Representative Rick Stream (photo courtesy; Tim Bommel, Missouri House Communications)

Representative Rick Stream (photo courtesy; Tim Bommel, Missouri House Communications)

Numerous lawmakers and groups have been working this session on possible changes to a 1993 law that lays out how students can transfer from districts that have lost accreditation to better-performing districts. That law has caused financial problems in unaccredited districts, who must pay for those transfers.

Representative Rick Stream (R-Kirkwood) is the handler of a Senate transfer fix bill (SB 493) that will be brought up in a House committee Tuesday.  Stream hopes the bill can clear the committee Tuesday and reach the House Floor the following Monday, three weeks before the end of the session.

He says it is a priority for House leadership. “The Speaker and the Floor Leader have promised to move it quickly … we’re going to move this bill fast.”

That bill, which cleared the Senate in February, already proposes determining whether individual school buildings are accredited and only removing an entire district’s accreditation if 55 percent of its buildings are unaccredited, disallowing transfers for students who have not lived in an unaccredited school’s jurisdiction for less than a calendar year, and allowing students to transfer to private, non-religious schools or accredited buildings in the same or an adjacent county.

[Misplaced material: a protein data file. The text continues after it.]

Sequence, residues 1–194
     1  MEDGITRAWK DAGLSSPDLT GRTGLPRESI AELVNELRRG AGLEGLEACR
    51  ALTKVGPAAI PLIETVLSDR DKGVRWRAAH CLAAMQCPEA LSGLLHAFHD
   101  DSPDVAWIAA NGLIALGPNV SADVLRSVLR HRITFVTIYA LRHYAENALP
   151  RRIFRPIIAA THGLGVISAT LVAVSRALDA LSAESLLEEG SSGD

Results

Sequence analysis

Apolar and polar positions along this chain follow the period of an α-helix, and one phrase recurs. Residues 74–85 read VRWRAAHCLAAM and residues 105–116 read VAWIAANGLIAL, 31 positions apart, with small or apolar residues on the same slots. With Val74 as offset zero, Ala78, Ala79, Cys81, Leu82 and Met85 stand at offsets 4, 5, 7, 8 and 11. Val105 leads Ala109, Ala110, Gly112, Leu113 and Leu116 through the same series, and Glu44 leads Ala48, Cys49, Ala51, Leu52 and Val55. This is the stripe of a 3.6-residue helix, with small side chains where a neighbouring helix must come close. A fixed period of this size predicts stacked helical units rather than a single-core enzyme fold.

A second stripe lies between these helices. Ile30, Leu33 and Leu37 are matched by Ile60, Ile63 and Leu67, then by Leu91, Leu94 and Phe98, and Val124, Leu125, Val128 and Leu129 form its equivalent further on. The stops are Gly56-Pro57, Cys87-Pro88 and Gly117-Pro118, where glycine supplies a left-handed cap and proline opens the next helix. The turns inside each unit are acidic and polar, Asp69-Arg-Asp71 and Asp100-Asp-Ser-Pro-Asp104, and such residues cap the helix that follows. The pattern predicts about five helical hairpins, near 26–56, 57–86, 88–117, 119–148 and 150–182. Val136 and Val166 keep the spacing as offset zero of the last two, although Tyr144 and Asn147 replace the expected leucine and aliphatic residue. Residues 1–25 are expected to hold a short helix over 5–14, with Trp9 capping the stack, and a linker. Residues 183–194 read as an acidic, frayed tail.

Stream says after talking to many lawmakers in both parties and both chambers, education groups and the Legislative Black Caucus, three key changes to the Senate bill will be considered Tuesday.

One would be to ask sending districts to pay 70 percent of their own tuition to the school districts taking their students, rather than 90 percent of a receiving district’s rate as is currently written in the Senate legislation.

“That stabilizes what the sending districts are going to have to pay each year,” says Stream. He says that will make it easier for sending districts to budget for transfers. “They didn’t know this year how much money they were going to have to send out because kids were leaving and going to different districts … anywhere from Clayton which was $20,000 to Ladue which was $17,000, to Kirkwood which was $12,000, to Francis Howell which was $11,000.”

A second change would add charter schools to the places a student in an unaccredited school building can transfer.

“If our goal is to get all of the students in these unaccredited districts into a high-quality educational environment right away, then we have to give them the options to do that.”